“Did I make the Humanitini too strong?” the bartender asked as she eyed too many still full martini glasses.
A few patrons at the bar assured her their drinks were fine. They were opting for the clear-headed route for the 90 minute exchange on gun control and firearms laws. Some patrons cleared out immediately after the discussion, leaving their still full martini glasses behind. Others quickly gulped them down before leaving. Some, however, decided to take their time sipping on the drinks while continuing to chat among themselves.
Tables were filled at 876 CafÃ©, a bar and restaurant at 4221 Connecticut Ave. NW. Organizers advertised the humanitini as a $5 drink special where happy hour meets humanities. The Humanities Council of Washington, D.C.’s website described the gathering as more than just an apple, blackberry or melon martini. The purpose of Humanitini, they said, is to connect “young in Washington, D.C., professionally, intellectually and socially.”
The Council kicked off its fifth installment of Humanitini March 20 with a discussion titled “The Ethics of ‘Stand Your Ground’ and ‘Gun Control’,” featuring lawyers Allison Brown and Patricia Sulton and moderated by Michael Chambers II.
“Humanitini is a program at a happy hour that discusses hot topics of the area,” explained Chambers, who is the programs and marketing director of the council. “With so many people lobbying for gun control here in this very city, what’s hot now is gun control.”
The discussion opened with highlights of recent events involving gun tolerance and policies. The first issue, described as the “Poptart incident,” questioned the effectiveness of stricter policies imposed upon students in the classroom in the aftermath of the Newton, Conn., shootings. Earlier this month, a 7-year-old Anne Arundel County student was suspended for nibbling his Pop tart into the shape of a handgun and pointing it at a student.
Both Brown, president of Allison Brown Consulting, which works to help schools meet federal benchmarks, and Sulton, principle of Sulton Law Offices, PPLC, which specializes in civil rights cases, were wary of the increased measures in educational facilities across the country.
“In responding to a significant or traumatic event, the visceral response sometimes is to create and enforce a blanket policy that doesn’t fit the situation,” said Brown, who later added that “It could very well be the case that our community bears the brunt of the force that looks good on its face but turns out to be disproportionate.”
Brown and Sulton both noted that black students are disproportionately represented in many school districts for disciplinary actions.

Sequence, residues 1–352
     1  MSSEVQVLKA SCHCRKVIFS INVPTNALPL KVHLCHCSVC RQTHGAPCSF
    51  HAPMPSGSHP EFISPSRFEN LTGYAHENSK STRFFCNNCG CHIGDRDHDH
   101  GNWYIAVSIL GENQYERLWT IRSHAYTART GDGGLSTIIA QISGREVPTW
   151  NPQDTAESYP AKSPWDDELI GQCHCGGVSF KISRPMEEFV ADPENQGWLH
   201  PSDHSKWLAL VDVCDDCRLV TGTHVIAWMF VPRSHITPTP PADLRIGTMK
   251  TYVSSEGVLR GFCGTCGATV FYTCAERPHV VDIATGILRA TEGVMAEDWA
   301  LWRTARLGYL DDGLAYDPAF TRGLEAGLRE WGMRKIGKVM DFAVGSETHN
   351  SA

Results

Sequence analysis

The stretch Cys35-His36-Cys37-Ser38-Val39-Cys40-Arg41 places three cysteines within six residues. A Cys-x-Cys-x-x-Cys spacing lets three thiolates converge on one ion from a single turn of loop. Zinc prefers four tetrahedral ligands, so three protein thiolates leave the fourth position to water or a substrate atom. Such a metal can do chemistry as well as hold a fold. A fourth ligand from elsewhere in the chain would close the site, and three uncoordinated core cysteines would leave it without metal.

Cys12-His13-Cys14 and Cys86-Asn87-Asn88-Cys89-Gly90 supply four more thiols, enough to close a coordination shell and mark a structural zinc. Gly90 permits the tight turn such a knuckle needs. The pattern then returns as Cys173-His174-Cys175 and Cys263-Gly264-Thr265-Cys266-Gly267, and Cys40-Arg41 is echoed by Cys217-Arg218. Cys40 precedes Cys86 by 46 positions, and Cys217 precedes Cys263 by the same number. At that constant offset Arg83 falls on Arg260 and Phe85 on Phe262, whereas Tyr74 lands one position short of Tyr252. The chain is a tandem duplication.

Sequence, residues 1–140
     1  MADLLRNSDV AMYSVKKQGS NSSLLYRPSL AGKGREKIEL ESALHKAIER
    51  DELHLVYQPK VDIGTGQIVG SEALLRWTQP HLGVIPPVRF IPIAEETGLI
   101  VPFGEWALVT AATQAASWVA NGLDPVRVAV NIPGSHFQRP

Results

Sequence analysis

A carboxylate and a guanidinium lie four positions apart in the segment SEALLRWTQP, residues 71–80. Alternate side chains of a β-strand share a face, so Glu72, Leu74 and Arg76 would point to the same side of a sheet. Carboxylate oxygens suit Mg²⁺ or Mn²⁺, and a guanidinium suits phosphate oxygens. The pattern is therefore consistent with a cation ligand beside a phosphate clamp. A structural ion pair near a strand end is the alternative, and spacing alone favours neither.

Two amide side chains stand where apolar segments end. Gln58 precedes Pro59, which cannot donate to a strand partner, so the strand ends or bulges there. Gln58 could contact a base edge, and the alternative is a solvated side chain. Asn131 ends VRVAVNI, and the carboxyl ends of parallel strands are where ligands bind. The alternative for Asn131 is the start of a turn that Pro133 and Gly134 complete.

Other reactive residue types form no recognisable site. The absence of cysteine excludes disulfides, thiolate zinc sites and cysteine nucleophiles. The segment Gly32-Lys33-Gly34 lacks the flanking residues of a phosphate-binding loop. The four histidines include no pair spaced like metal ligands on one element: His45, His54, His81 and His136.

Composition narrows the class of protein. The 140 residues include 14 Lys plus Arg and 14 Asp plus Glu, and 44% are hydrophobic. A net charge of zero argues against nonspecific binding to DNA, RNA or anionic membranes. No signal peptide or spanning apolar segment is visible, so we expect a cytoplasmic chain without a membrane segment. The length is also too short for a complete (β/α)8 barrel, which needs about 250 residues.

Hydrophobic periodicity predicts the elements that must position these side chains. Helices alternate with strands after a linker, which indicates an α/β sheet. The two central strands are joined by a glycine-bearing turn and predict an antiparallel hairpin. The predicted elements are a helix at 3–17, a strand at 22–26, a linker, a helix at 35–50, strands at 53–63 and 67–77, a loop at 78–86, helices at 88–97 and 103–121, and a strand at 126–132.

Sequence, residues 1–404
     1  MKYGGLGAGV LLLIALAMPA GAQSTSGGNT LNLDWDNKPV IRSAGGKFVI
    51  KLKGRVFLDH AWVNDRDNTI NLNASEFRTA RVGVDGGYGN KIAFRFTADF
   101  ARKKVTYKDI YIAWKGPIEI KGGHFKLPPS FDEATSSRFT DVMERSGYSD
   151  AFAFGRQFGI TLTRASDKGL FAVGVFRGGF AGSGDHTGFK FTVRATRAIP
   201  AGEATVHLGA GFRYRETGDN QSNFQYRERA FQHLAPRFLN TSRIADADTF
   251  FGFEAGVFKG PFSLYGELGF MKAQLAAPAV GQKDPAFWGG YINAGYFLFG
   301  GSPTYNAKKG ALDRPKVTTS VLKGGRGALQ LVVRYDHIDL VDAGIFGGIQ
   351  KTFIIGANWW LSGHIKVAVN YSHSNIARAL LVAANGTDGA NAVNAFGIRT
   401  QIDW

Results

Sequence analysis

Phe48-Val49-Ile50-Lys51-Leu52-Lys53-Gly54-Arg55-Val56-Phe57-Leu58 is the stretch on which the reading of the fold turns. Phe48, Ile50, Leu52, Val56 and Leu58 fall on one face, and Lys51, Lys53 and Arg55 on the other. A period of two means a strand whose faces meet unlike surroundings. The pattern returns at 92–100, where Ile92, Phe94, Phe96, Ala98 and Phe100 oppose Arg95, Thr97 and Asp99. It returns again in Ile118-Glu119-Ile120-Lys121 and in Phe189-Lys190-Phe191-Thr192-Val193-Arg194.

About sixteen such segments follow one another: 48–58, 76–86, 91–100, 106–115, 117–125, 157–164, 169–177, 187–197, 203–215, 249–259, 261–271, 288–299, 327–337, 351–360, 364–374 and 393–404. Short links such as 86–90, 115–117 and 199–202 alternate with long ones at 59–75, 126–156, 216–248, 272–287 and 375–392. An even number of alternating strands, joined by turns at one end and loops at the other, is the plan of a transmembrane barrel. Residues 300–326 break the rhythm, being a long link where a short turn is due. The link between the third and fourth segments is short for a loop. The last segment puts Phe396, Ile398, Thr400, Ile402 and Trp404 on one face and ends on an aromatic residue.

Other incidents, like the recent fatal shooting in Loudon County, Va., of the high school athlete who accidently snuck back into the wrong house after a night of partying, helped differentiate the Castle Doctrine from Stand Your Ground laws.
“D.C. upholds the Castle Doctrine, which states that there’s no duty to retreat in the home,” explained Sulton. “Stand Your Ground laws go a step further and address situations outside your home. In these cases, the burden of proof shifts to the defendant, who must prove that they were justified in their shooting.”
William Brown, a native Washingtonian and lawyer who resides in the Van Ness neighborhood in Northwest, heard about the discussion from a fellow colleague. For him, Humanitini was an excellent panel.
“Audience questions brought to light how the media is reporting the laws as well as how the schools are addressing the changes within the city,” said Brown.
Brown would have liked to discuss the effects of gentrification and gun laws more in depth. He thinks that the 2008 Supreme Court decision allowing D.C. residents to own handguns wouldn’t have passed otherwise, but was still impressed with the discussion and plans to attend the next Humanitini, which will focus on punk rock and Go go music in the District.
This season’s Humanitinis are held every at 6 p.m. Wednesdays through April 4 at 876 CafÃ©. Ten percent of each evening’s proceeds go toward support of the Humanities Council, which holds other community events and seminars, such as the D.C. Community Heritage Project, Live to Read and Soul of the City.
“We try to provide a multitude of perspectives,” said Chambers, who seeks more participation from college students and young adults. “Any way we can provide and increase the diversity of our audience or broaden people’s horizons, we’re willing to try.”